Why was this Assessment undertaken? The Assessment was called for by a 1990 law, and has been con-ducted under the USGCRP in response to a request from the President's Science Advisor. The NAST developed the Assessment's plan, which was then approved by the National Science and Technology Council, the cabinet-level body of agencies responsible for scientific research, including global change research, in the US government.

D. P. Van Vuuren, M. Meinshausen, G.-K. Plattner, F. Joos, K. M. Strassmann, S. J. Smith, T. M. L. Wigley, S. C. B. Raper, K. Riahi, F. de la Chesnaye, M. G. J. den Elzen, J. Fujino, K. Jiang, N. Nakicenovic, S. Paltsev, J. M. Reilly (2008). Temperature increase of 21st century mitigation scenarios. Proceedings of the National Academy of Sciences 105 (40): 15258-15262

ABSTRACT: Estimates of 21st Century global-mean surface temperature increase have generally been based on scenarios that do not include climate policies. Newly developed multigas mitigation scenarios, based on a wide range of modeling approaches and socioeconomic assumptions, now allow the assessment of possible impacts of climate policies on projected warming ranges. This article assesses the atmospheric CO2 concentrations, radiative forcing, and temperature increase for these new scenarios using two reduced-complexity climate models. These scenarios result in temperature increase of 0.5–4.4°C over 1990 levels or 0.3–3.4°C less than the no-policy cases. The range results from differences in the assumed stringency of climate policy and uncertainty in our understanding of the climate system. Notably, an average minimum warming of ≈1.4°C (with a full range of 0.5–2.8°C) remains for even the most stringent stabilization scenarios analyzed here. This value is substantially above previously estimated committed warming based on climate system inertia alone. The results show that, although ambitious mitigation efforts can significantly reduce global warming, adaptation measures will be needed in addition to mitigation to reduce the impact of the residual warming.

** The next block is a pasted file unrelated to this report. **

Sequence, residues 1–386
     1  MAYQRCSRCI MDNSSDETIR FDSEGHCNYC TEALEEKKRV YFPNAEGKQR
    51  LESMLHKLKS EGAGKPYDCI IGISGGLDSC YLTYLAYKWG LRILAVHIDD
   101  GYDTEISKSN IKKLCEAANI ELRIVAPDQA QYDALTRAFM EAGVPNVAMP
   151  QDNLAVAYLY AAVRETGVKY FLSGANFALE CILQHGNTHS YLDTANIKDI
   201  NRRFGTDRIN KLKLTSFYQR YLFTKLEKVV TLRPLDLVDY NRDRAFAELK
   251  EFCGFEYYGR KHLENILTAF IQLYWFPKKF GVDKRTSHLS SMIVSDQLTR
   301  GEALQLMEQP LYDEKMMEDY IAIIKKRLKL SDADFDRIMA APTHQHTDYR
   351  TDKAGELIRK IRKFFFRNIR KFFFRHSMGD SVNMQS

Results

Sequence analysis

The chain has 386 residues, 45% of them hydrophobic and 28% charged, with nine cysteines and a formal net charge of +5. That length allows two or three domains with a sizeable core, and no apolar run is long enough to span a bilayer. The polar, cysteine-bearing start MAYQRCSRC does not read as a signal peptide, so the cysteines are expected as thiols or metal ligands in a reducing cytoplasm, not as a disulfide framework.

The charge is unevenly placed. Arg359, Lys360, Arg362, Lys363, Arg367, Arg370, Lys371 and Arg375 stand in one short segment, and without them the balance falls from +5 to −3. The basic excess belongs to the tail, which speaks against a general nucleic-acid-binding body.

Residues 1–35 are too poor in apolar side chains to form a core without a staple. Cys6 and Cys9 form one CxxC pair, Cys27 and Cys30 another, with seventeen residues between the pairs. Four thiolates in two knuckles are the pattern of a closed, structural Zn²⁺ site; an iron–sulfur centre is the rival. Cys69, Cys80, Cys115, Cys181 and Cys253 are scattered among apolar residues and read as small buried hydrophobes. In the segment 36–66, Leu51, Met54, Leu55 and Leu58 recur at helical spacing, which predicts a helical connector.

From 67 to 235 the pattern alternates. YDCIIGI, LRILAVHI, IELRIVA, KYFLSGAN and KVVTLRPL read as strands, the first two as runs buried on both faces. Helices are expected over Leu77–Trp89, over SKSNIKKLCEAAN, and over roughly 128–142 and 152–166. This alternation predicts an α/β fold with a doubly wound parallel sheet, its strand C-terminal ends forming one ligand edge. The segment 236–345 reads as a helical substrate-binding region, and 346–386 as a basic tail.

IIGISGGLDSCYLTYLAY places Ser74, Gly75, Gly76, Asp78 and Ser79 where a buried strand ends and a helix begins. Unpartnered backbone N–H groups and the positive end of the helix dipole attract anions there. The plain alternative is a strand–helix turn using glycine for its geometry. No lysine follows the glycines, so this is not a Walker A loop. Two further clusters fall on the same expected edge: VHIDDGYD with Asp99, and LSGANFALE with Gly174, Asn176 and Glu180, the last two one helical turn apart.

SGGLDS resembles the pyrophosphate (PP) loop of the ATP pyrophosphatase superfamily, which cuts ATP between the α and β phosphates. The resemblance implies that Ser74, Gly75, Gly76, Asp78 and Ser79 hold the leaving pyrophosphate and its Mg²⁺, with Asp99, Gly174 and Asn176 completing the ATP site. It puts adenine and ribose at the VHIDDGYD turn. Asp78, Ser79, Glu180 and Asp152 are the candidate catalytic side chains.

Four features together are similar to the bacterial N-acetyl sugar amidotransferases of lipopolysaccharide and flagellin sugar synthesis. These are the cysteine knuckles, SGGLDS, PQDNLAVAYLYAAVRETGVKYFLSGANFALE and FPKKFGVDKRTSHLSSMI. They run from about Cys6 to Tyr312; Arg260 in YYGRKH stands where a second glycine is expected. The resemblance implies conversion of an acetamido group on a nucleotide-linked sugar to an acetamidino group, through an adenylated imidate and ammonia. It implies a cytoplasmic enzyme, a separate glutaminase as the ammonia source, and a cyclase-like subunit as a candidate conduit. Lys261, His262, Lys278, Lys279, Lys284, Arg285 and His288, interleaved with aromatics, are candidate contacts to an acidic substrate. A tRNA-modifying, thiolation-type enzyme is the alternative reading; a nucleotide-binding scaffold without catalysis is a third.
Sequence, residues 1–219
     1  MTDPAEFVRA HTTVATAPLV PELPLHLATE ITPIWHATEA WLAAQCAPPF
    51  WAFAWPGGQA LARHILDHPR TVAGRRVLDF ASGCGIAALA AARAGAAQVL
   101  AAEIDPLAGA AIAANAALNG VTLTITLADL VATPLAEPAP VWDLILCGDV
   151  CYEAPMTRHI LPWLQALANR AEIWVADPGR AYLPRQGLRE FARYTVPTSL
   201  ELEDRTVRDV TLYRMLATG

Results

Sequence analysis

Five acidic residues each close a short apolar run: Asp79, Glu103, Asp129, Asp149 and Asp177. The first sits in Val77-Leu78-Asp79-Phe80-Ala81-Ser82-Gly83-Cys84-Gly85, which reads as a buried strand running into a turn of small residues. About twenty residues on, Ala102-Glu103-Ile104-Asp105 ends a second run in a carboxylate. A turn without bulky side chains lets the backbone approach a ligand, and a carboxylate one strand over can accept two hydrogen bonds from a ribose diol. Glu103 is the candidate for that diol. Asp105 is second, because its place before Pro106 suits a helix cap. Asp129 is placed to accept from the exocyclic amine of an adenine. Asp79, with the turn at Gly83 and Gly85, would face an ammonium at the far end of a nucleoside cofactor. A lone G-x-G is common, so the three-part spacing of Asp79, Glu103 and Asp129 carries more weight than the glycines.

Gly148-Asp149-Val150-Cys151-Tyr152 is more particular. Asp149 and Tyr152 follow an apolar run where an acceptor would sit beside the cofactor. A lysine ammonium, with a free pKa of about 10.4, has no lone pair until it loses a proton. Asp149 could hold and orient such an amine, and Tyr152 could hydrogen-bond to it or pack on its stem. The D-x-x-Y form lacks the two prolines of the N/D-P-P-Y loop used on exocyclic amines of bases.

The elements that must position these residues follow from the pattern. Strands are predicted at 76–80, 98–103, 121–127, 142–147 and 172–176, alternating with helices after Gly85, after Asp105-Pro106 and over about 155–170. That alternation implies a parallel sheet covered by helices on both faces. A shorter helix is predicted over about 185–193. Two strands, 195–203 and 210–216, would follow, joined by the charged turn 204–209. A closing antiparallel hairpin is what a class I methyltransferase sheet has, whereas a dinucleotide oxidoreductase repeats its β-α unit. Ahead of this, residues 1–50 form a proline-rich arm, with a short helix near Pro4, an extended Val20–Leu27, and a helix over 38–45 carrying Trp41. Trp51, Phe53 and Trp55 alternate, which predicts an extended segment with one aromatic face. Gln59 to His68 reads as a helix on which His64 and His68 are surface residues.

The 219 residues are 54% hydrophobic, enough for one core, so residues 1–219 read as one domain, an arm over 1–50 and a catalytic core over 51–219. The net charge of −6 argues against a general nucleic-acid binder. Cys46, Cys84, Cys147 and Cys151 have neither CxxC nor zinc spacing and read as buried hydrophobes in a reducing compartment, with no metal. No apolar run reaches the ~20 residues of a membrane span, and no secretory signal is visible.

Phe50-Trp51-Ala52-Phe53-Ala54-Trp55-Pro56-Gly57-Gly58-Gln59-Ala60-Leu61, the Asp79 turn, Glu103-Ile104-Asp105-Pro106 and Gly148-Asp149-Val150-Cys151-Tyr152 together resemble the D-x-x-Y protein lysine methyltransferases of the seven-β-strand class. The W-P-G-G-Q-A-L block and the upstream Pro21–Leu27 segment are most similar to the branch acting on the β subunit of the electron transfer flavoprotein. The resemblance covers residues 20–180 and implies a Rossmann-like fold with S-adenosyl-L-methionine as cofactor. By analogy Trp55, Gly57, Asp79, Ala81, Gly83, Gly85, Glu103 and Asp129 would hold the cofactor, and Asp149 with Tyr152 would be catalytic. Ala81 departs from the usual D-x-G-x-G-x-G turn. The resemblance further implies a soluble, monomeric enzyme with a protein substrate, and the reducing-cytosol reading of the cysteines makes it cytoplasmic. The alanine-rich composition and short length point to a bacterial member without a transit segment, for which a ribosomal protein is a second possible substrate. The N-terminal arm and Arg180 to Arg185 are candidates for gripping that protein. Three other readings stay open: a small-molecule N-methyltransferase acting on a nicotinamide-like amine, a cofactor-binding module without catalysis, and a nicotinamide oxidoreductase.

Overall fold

T. M. L. Wigley, R. Richels, J. A. Edmonds (1996). Economic and environmental choices in the stabilization of atmospheric CO2 concentrations. Nature 379 (18 January): 240-243

ABSTRACT: The ultimate goal of the UN Framework Convention on Climate Change is to achieve "stabilization of greenhouse-gas concentrations at a level that would prevent dangerous anthropogenic interference with the climate system". With the concentration targets yet to be determined, Working Group I of the Intergovernmental Panel on Climate Change developed a set of illustrative pathways for stabilizing the atmospheric CO2 concentration at 350, 450, 550, 650 and 750 p.p.m.v. over the next few hundred years1,2 . But no attempt was made to determine whether the implied emissions might constitute a realistic transition away from the current heavy dependence on fossil fuels. Here we devise new stabilization profiles that explicitly (albeit qualitatively) incorporate considerations of the global economic system, estimate the corresponding anthropogenic emissions requirements, and assess the significance of the profiles in terms of global-mean temperature and sea level changes. Our findings raise a number of important issues for those engaged in climate-change policy making, particularly with regard to the optimal timing of mitigation measures.